Trump's History Of Lashing Out At Journalists

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It's no secret that the president is no particular friend of the press. The list of times Donald Trump got mad at journalists for doing their job could end up as a significant chunk of someone's PhD dissertation some day, and it probably should. After all, this is becoming a pretty important part of POTUS 45's presidency thus far.

Trump is far from the first president to have a testy relationship with the press, but that's exactly how things should be. A press that goes easy on the people in power is useless to the functioning of democracy and is also a common feature of authoritarian governments around the world. With other presidents, though, you could at least see that they were trying to maintain a veneer of civility. Trump's style of personal attack, on the other hand, is a horse of a different color, and it's very troubling. He lies at an unprecedented rate and doesn't like to be pressed or challenged on any of those lies. He's unwilling to own up to the negative consequences of his campaign or his presidency. And when reporters do their jobs and bring up the lies of the negative consequences, he doesn't hesitate to tear into them.

There are certainly many more of these examples, but here are seven of the most egregious examples of Donald Trump lashing out at the press.


The Jim Acosta Blow-Up

In Donald Trump's first and only press conference as the President-elect, he refused to let CNN's Jim Acosta ask a question, repeatedly telling the reporter not to be rude and then pointing at him and saying "You're fake news." This was in response to CNN reporting on the dossier of largely unverified information about Trump's history with Russia. CNN had only reported that Trump had been briefed on the dossier; in fact it was Buzzfeed that published the information in it, and Trump was quick to attack them too.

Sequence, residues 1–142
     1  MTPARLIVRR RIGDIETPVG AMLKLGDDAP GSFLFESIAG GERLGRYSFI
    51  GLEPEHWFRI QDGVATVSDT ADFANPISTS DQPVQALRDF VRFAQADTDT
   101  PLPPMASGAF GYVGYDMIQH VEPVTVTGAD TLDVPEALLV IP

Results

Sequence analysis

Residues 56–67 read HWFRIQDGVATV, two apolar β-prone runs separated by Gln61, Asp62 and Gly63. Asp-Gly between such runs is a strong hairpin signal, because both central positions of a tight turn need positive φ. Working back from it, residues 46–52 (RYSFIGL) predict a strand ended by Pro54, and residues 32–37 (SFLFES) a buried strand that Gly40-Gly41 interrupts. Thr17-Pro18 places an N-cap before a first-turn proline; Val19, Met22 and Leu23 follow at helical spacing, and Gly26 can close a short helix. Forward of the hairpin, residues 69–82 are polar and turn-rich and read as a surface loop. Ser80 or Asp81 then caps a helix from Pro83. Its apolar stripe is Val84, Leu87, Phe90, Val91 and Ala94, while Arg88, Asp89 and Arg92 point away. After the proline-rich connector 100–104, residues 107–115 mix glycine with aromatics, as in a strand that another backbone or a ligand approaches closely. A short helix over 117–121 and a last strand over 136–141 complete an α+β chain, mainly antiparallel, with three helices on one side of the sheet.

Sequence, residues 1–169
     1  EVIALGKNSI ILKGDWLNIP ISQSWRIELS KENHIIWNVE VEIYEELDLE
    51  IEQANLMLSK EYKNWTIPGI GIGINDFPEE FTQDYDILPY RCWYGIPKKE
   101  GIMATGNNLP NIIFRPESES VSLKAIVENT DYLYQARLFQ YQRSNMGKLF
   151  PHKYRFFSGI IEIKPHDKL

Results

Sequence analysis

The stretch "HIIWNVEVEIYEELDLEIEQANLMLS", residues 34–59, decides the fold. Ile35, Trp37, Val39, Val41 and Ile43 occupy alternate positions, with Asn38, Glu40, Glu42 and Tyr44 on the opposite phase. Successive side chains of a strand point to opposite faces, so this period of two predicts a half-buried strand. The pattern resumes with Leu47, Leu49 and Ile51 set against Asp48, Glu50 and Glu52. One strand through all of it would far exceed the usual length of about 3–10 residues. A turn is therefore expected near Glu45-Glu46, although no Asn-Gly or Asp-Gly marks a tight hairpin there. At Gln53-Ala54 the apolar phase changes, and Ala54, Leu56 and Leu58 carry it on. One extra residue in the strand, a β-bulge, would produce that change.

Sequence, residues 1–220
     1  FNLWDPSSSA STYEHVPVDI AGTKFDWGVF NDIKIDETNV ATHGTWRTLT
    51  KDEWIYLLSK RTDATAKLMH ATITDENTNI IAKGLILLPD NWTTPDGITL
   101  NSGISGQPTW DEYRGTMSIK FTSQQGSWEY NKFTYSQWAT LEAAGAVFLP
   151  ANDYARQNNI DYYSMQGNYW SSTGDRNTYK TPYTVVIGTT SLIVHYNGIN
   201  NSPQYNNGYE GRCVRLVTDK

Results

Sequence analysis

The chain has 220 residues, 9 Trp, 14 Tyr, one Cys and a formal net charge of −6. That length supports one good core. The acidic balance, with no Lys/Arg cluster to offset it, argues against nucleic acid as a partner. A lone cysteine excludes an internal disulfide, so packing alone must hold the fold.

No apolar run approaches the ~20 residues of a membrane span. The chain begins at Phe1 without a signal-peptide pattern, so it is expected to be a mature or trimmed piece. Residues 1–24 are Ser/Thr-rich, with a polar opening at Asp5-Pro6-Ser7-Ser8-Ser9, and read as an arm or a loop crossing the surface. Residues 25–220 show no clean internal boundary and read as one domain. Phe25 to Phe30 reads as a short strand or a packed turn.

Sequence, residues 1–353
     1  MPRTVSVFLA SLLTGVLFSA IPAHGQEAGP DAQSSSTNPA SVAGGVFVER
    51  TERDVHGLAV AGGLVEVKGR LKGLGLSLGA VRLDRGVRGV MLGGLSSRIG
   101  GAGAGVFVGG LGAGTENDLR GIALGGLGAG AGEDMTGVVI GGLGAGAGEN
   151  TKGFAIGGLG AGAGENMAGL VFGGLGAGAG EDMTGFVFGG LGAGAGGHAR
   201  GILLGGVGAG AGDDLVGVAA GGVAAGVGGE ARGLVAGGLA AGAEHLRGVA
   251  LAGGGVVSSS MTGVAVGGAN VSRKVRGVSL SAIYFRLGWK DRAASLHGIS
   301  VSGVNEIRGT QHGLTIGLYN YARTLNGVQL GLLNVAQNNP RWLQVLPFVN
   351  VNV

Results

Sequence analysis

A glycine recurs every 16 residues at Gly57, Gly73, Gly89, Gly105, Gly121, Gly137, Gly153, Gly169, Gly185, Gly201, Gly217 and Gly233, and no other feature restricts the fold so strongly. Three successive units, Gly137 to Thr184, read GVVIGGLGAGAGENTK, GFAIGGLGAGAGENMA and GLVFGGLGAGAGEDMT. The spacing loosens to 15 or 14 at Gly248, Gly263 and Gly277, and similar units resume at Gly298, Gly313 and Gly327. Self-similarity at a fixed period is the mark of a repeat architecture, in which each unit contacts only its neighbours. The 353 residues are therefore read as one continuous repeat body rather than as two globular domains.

The attack on Acosta was notable for many reasons — how it happened at a press conference, for example, and because Trump would not even take a question from CNN after repeatedly denouncing them. Given that this was his first press conference after the election, it did not start things off well.


Going After Maureen Dowd

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New York Times columnist Maureen Dowd told a story about Trump that he didn't like, and he took to Twitter to call her "wacky" and a "neurotic dope". Specifically, she claimed that Trump had told her that "the violence [at his rallies] added a frisson of excitement," — a statement backed up by the way Trump often responded to episodes of violence at his rallies.

He didn't seem to like the way she put it, though, so he used the same word for her as he had for multiple other women who criticized him; MSNBC host Mika Brzezinski and former DNC chairwoman Debbie Wasserman Schultz have also received the "neurotic" label from the president.


Calling An ABC Reporter "Sleazy"

The media attacks were really a part of his entire campaign. At this press conference in May, his frustrations boiled over, and he ended up calling ABC News' Tony Llamas "sleazy". Llamas had committed the terrible crime of asking Trump about a lie he had told — Trump claimed that he had raised $6 million for veterans at a single event, but this had been proven to be untrue.